The Normandie-Niemen squadron (Нормандия-Неман) was a fighter squadron of the French Air Force. It served on the Eastern Front of the European Theatre of World War II with the 1st Air Army. The regiment is notable for being the only air combat unit from an Allied western European country to participate on the Eastern Front during World War II.


The unit originated in mid-1943 during World War II. Initially the groupe comprised a group of French fighter-pilots sent to aid Soviet forces on the Eastern Front at the suggestion of Charles de Gaulle, leader of the Free French, who felt it important that French servicemen serve on all fronts in the war.

The unit was the GC3 (Groupe de Chasse 3 or 3rd Fighter Group) in the Free French Air Force, first commanded by Jean Tulasne (the 's' is silent). It fought in three campaigns on behalf of the Soviet Union between March 22, 1943, and May 9, 1945, during which time it destroyed 273 enemy aircraft and received many orders, citations and decorations from both France and the USSR, including the French Légion d’Honneur and the Soviet Order of the Red Banner. Joseph Stalin awarded the unit the name Niemen for its participation in the Battle of the Neman River (1944).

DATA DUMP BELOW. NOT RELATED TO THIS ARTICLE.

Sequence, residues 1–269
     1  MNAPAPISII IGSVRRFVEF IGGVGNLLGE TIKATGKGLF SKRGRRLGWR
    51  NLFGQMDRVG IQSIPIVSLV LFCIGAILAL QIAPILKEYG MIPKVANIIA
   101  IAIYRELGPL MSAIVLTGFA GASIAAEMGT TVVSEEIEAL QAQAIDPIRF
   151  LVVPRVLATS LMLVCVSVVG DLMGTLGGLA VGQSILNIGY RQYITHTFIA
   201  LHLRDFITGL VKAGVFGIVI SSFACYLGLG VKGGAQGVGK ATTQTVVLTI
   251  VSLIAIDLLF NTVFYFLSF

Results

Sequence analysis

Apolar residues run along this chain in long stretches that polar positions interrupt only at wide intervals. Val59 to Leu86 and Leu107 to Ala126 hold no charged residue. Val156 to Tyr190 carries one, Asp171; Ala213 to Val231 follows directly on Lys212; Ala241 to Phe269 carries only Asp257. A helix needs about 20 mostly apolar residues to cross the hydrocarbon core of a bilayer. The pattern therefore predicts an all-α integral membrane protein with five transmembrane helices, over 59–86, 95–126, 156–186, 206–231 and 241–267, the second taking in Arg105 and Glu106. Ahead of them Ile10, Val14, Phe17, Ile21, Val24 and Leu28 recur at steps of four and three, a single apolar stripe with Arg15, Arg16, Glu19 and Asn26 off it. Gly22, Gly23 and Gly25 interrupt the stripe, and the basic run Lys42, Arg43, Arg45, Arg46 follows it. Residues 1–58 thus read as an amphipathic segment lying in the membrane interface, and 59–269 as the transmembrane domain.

As of 2005 the unit, known as squadron 2/30, flies Mirage F1 CT planes.

Operational history

Six months after the Germans invaded the USSR in June 1941, talks aimed at closer co-operation between Free France and the Soviet Union resulted in setting up a special squadron with an initial core of twelve fighter pilots for service on the Russo-German front. De Gaulle officially promulgated the Groupe de Chasse GC 3 Normandie on September 1, 1942, with Commandant Pouliquen in command. Mechanics, pilots and hardware travelled by rail and air via Tehran (Iran) to Baku (now the capital of Azerbaijan). They completed a period of training on the Yakovlev Yak-7 by end-January 1943, when Commandant Jean Tulasne took command of the groupe, which finally headed for the front on March 22, 1943.